only when it comes to palpitations and the heart, this is all new to me, It feels a lot more scary when it's palpitations.

      I would take the tummy or head pain over thinking I'm about to drop down.

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  • Edited

    also once I had a really bad headache and convinced myself I had brain cancer and then ended up in a pysch ward like doom scrolling googling can lead you to some bad places in your own head.

    don't be like me, all those nights days months spent worrying driving myself mad and all for what.

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  • Posted

    Hi,

    I am speaking to you as someone who has been struggling with anxiety since the age of 26 and now I am 65. I can say that I have gone through everything you described + others such as: hypertension, panic attacks, etc... Can you tell us if you take any energizers or multivitamins or if you have been prescribed any medication for the tachycardia you have? At your age, I don't think anything bad can happen to you, you have to be more optimistic. Easy to say hard to do !!! If you can't relax, you should ask for specialized help, i.e. a psychiatrist, otherwise you won't succeed on your own. Of course you should also have the support of your family. Believe me, you too will end up living your life the same as me or the same as the millions of people who suffer from this disease. Anyway, we are waiting for news from you, I hope you calm down and be happy with your family, now for the holidays. Hope dies last!!!

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  • Edited

    Hello,

    I'm a retired health professional from the U.S. and would like to offer a reply. Heart palpitations very understandably induce considerable anxiety that are often accompanied by fear for the obvious reason that any disruption to one's heart rhythm is perceived as warning of a potentially impending fatal event since the heart is the driving force that maintains life.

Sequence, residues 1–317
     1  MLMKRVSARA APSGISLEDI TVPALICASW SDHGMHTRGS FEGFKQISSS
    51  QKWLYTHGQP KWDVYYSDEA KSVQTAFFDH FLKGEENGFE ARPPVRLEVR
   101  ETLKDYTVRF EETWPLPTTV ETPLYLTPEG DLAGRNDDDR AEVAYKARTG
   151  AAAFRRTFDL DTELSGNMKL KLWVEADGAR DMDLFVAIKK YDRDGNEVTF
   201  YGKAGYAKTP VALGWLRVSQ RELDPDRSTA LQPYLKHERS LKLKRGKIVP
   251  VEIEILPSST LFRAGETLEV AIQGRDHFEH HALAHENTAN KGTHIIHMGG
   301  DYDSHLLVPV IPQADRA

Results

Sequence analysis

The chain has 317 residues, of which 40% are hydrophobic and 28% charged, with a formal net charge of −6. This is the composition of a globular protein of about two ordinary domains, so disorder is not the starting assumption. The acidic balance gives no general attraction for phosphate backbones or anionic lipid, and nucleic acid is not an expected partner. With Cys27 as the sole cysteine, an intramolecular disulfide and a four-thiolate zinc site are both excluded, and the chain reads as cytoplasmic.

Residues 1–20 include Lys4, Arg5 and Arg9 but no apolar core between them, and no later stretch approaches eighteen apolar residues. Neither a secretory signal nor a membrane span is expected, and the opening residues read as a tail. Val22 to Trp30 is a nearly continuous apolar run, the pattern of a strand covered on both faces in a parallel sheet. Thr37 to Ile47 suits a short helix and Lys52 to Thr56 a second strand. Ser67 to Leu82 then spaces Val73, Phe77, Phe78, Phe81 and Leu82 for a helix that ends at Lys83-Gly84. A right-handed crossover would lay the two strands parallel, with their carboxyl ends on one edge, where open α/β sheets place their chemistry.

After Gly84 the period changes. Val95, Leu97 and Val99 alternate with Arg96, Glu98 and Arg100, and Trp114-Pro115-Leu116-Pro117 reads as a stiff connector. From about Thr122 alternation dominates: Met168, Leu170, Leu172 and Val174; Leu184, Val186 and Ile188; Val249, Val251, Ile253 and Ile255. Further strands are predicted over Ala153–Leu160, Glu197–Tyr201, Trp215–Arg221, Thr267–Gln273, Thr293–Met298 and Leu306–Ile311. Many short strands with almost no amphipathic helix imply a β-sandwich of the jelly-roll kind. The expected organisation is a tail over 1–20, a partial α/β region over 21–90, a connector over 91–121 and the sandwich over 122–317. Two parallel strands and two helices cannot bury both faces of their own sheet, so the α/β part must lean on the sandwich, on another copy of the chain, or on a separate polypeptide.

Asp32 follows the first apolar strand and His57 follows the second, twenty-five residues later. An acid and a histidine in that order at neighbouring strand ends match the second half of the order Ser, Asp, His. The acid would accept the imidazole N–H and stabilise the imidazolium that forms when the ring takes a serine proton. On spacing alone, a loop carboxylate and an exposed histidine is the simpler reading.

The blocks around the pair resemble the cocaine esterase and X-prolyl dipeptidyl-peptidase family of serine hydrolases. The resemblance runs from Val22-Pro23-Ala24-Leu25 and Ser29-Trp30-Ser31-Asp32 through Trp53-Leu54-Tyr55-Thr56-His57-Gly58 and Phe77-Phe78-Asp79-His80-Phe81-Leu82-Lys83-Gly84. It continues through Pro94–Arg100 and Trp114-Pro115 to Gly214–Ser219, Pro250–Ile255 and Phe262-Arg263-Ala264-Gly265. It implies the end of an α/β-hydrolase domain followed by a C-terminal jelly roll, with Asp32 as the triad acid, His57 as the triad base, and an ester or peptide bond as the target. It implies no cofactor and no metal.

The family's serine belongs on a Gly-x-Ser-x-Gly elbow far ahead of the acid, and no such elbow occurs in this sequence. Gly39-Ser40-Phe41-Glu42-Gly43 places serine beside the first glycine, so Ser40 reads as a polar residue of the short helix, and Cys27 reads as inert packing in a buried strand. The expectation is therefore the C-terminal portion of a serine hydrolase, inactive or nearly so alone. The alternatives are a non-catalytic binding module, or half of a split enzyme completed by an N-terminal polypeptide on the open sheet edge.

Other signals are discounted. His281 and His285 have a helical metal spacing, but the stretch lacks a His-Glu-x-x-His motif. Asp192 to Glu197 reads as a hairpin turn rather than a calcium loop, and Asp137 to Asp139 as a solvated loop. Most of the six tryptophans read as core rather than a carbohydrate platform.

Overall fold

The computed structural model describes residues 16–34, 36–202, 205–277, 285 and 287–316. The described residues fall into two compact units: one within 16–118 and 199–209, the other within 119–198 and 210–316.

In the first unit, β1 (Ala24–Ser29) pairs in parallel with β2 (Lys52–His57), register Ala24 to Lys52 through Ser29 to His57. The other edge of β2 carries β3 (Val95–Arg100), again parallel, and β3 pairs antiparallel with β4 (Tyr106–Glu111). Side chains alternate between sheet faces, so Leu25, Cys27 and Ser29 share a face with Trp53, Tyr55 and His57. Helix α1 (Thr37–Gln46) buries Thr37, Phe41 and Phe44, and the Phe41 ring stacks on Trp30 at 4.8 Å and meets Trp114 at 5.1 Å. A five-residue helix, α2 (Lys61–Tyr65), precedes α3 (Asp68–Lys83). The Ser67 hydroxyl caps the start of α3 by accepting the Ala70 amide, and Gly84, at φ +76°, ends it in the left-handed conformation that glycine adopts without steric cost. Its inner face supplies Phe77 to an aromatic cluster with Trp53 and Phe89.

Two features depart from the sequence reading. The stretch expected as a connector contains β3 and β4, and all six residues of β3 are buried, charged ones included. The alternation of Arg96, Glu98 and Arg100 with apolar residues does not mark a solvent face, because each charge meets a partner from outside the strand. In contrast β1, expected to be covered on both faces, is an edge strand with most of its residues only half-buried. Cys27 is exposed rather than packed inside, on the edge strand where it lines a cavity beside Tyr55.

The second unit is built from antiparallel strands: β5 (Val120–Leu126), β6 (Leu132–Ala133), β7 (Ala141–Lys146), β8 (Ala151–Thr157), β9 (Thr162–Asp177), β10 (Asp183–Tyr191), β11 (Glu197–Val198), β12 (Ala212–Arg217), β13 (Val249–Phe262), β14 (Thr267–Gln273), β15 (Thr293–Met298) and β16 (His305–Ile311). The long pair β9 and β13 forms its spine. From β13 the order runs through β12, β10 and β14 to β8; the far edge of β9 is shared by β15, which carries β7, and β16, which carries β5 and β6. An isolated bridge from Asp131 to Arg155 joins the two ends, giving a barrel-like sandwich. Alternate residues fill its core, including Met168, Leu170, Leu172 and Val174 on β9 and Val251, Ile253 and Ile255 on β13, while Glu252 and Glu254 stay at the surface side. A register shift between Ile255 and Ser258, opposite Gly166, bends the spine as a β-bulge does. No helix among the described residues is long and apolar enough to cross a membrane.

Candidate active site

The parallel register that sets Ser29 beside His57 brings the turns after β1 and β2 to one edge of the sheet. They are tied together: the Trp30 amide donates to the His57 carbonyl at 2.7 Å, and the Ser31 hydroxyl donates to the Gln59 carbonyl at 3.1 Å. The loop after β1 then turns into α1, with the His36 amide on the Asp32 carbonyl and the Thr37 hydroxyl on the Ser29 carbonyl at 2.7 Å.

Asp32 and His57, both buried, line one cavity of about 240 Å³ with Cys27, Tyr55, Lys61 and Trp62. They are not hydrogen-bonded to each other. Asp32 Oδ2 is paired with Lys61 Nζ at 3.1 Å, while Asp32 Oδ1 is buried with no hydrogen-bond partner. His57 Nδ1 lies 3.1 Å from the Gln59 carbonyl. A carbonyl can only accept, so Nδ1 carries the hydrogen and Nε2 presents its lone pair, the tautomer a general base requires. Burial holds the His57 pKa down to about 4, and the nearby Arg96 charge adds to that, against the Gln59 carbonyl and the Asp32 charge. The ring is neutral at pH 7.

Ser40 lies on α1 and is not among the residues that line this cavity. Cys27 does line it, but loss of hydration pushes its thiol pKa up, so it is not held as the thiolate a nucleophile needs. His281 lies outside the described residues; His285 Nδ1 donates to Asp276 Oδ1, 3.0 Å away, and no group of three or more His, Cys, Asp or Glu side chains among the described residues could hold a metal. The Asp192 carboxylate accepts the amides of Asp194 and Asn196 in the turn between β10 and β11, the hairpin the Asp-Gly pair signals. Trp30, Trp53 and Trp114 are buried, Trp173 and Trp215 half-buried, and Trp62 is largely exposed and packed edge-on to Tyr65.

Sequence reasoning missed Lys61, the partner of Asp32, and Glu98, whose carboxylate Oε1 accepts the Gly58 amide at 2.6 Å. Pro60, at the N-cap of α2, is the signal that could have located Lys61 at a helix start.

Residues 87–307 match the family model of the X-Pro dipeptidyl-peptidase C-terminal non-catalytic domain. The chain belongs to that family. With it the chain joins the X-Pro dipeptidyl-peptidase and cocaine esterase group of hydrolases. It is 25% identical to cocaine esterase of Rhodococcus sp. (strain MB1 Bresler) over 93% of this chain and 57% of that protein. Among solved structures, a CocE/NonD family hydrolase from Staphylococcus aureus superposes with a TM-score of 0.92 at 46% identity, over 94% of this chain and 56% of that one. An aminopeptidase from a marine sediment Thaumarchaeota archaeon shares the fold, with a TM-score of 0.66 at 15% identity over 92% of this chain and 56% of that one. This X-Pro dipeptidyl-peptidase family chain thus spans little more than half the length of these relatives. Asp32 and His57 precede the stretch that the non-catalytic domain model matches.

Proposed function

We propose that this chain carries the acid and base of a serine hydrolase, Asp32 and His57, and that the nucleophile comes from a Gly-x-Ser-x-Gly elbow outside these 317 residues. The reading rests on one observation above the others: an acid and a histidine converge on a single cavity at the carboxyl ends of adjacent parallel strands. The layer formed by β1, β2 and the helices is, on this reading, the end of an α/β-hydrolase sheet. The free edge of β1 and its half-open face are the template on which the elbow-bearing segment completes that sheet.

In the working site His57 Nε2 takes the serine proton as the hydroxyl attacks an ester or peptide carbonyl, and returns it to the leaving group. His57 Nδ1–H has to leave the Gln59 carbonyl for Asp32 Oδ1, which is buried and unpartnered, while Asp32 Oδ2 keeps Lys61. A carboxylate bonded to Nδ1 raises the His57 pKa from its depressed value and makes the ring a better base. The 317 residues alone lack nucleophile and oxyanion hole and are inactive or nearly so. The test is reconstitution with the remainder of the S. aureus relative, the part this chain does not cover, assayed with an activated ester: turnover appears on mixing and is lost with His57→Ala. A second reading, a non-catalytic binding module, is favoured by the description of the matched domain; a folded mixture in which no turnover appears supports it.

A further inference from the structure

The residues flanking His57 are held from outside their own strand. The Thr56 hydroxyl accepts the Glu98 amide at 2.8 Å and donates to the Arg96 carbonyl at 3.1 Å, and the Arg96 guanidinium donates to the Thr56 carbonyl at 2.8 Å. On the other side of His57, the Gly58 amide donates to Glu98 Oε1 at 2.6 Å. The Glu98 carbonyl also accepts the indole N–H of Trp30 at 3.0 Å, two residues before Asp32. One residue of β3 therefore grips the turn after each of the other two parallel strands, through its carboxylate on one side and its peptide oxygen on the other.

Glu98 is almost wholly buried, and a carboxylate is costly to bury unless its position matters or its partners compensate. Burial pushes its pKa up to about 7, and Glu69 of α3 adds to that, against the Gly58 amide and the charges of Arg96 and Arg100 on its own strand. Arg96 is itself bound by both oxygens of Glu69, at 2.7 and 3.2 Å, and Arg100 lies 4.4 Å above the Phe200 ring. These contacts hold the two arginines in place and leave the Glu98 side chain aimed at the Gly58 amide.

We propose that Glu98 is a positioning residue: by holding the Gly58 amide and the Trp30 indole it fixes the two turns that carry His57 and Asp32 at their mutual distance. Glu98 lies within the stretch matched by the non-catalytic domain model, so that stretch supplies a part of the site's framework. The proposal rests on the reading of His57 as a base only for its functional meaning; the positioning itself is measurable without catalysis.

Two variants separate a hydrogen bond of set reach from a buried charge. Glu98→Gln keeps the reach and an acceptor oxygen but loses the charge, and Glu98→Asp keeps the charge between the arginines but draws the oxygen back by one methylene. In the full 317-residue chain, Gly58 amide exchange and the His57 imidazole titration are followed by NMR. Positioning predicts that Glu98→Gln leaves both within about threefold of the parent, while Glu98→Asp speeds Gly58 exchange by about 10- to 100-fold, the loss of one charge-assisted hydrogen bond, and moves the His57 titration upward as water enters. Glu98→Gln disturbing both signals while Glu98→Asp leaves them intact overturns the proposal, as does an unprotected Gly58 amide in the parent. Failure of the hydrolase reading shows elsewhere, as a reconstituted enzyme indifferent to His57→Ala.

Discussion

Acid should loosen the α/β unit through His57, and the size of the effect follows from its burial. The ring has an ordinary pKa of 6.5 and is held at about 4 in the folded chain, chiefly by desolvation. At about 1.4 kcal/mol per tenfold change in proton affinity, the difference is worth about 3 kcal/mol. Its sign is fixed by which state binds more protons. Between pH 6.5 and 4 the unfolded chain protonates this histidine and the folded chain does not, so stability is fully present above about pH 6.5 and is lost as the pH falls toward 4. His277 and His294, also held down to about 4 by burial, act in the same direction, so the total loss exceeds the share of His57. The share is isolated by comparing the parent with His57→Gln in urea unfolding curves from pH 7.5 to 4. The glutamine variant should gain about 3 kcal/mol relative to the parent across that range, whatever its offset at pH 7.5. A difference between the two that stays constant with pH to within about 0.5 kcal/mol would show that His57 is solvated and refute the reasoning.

You are experiencing what we refer to as isolated PVCs, or Premature Ventricular Contractions. They very often arise in connection with significant anxiety and are essentially a benign phenomenon that induces many persons experiencing the events to present themselves at their local emergency room under the pretense of an impending cardiac event that, although worrisome, is an entirely misguided belief.

    Heart failure, contrary to belief, is not an instantaneous event but rather an insidious process that is years in the making and is comprised of either congestive or non-congestive variants. Atrial Fibrillation is also quite distinct from isolated PVCs in that Afib is a episodic arrhythmia that is initiated in the atria of the heart from electrical impulses arising from outside the heart's normal pacer that results in a quiver effect of the atria at a rate commonly above 400 cycles per minute, thus preventing the atria from properly filling. The effect is translated to the ventricles where abnormal and most often insufficient ventricular actions result in pooling of blood that can result in clotting. The most important point here is that isolated PVCs such as those being experienced by you are incapable of transformation into a subsequent pathological arrhythmia of any type that would place you at risk of some type of cardiac event. No such transformation has ever been recorded regarding the type of PVCs you are experiencing.